In the 1940s the problem of juvenile delinquency was becoming epidemic. Actually, there have always been delinquents, but some people started looking around for a cause of this behavior in young people. They looked at what kids did, what they liked. They liked comic books. So kids liked comics, kids were delinquent, therefore comic books made kids into delinquents. Isn't that a syllogism?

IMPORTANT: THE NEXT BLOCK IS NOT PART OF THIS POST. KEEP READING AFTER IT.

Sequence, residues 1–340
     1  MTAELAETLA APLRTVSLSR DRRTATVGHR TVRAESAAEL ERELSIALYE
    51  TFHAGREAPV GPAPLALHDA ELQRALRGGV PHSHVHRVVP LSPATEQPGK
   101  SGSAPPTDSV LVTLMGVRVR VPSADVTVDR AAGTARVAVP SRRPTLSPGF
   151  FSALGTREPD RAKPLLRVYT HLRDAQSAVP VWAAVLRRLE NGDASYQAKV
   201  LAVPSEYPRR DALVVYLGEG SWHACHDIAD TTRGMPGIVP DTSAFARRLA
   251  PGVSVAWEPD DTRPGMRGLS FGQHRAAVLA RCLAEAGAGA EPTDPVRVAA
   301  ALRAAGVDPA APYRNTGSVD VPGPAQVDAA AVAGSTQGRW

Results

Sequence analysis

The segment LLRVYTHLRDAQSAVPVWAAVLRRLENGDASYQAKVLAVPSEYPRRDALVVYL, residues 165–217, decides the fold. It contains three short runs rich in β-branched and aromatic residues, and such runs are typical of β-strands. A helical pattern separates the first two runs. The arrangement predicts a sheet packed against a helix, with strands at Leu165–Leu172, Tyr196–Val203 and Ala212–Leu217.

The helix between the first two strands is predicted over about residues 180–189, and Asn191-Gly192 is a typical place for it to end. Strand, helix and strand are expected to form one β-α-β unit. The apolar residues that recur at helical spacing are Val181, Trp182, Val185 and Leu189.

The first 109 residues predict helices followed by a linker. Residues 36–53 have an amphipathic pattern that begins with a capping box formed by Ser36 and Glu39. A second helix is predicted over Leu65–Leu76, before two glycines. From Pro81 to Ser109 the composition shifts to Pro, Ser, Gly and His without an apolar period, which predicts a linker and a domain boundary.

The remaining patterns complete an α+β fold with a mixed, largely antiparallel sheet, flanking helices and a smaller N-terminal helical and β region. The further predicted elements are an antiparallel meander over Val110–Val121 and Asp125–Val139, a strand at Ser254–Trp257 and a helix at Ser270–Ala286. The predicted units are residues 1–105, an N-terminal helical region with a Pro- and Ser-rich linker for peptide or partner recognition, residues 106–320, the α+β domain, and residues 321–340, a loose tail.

This is a story from a 1950 crime comic book, ALL-TRUE CRIME #39. The historic setting didn't fool the critics. It was still a crime comic book, sent by evil publishers to ensnare our children. According to the recent book, THE TEN CENT PLAGUE, comic books like this were thrown into piles and burned in public places. Despite the public outcry and hysteria, not everyone was convinced they were evil, or that they taught kids criminal behavior. In this story the infamous Borgias didn't need comic books to teach them how to do what they did best, which was poison people. The bloodbath at the end of the story seems symbolic of the bloodbath that was going on as parents, teachers and psychologists attempted to put comic books out of business.